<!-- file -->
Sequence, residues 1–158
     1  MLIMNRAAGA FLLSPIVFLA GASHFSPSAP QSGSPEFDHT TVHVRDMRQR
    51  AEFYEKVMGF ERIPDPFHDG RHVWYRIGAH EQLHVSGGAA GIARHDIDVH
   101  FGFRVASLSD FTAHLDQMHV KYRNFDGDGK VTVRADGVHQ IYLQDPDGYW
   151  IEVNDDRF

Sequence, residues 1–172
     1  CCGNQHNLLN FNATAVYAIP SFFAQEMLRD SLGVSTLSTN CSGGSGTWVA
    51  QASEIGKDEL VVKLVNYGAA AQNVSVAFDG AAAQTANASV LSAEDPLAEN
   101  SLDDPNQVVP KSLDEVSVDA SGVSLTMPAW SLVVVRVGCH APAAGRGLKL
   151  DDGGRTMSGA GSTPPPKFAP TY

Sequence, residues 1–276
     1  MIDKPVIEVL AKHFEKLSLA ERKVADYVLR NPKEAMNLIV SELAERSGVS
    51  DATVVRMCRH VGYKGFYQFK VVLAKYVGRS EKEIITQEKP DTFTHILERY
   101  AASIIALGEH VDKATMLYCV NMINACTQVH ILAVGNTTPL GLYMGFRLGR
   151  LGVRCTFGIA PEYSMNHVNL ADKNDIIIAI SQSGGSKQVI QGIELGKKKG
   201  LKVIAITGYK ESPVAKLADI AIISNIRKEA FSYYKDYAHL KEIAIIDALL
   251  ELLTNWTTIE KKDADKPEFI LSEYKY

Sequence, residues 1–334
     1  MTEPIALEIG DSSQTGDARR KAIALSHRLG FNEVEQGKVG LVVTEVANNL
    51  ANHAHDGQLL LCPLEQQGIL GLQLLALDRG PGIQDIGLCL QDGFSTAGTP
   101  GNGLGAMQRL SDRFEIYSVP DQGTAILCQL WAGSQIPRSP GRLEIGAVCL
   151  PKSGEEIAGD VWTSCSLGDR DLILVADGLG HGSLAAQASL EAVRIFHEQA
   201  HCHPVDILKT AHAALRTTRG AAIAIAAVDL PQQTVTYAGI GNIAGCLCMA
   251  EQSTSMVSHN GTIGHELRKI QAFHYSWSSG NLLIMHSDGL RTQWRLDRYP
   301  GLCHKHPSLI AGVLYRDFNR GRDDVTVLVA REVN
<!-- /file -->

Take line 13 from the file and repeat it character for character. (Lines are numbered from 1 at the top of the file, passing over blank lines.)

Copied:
    51  DATVVRMCRH VGYKGFYQFK VVLAKYVGRS EKEIITQEKP DTFTHILERY